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New Chief Executive Takes Gateway Helm

Change in leadership comes as the computer maker completes its acquisition of rival EMachines.

March 12, 2004|From Times Staff and Wire Reports

Wayne Inouye took over Thursday as chief executive of Gateway Inc. as the troubled PC maker completed its $290-million purchase of smaller rival EMachines.

Gateway co-founder Ted Waitt, who returned to the company as CEO in January 2001 after a year's absence, will remain as chairman. He was unable to return the Poway, Calif., firm to profitability after losing $1.84 billion in the last three years.

EMachines, on the other hand, has turned in nine straight quarters of profit by selling low-cost PCs to retail stores. Gateway said Thursday that it expected to return to "sustained profitability" in 2005 as it benefits from sales growth and cost savings.

The combined company ranks as the third-largest computer maker in the U.S., according to market researcher IDC.

Waitt started Gateway in an Iowa farmhouse in 1985, building the company into one of the world's largest PC makers. But as competition with Dell Inc. and Hewlett-Packard Co. shaved profit margins, the company struggled to keep up.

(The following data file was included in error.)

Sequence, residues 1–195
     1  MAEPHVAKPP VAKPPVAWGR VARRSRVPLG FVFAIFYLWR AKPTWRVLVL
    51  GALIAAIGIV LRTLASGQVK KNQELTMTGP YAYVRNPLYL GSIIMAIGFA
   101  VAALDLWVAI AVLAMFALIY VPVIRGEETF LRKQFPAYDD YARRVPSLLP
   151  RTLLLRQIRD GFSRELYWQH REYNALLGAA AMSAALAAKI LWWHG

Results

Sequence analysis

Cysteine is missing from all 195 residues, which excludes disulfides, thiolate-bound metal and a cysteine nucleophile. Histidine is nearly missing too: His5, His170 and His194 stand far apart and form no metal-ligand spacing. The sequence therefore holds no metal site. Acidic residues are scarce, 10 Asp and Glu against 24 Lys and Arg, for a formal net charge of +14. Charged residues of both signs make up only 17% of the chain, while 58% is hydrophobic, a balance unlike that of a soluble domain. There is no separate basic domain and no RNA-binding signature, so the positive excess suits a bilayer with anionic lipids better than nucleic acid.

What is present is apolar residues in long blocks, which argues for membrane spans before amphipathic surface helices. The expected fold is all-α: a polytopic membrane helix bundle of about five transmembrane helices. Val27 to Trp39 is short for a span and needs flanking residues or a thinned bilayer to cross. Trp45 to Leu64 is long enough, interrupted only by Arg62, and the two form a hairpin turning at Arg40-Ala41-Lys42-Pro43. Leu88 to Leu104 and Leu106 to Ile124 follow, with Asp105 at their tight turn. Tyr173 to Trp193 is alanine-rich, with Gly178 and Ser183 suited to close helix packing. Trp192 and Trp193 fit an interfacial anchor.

The acquisition gives Gateway access to expanded retail distribution through EMachines' links with huge electronics chains such as Best Buy Co. and Circuit City Stores Inc. It also gives EMachines access to some of Gateway's $1.1 billion in cash and marketable securities to help its low-end business grow.

In addition to PCs, Gateway sells an array of higher-margin consumer electronics items such as flat-screen televisions and digital cameras. When the deal was announced in January, Waitt said it would help the company reach more customers in more kinds of stores and offer a wider variety of brands and products.

Gateway said Inouye would be issued options to purchase 10 million shares at Thursday's New York Stock Exchange closing price of $5.19, down 18 cents. An additional 29 EMachines executives received a total of 2.4 million shares, part of the 50 million shares issued by Gateway to buy EMachines. Gateway also paid $30 million in cash.

Gateway also said it was looking for a new independent accountant after PricewaterhouseCoopers said it wouldn't seek reappointment.

There were no disagreements with PricewaterhouseCoopers, Gateway said, and the company is already in discussions to appoint a new accounting firm, which it didn't identify. Executives will need approval for the change at Gateway's annual shareholder meeting on May 20.

Bloomberg News was used in compiling this report.

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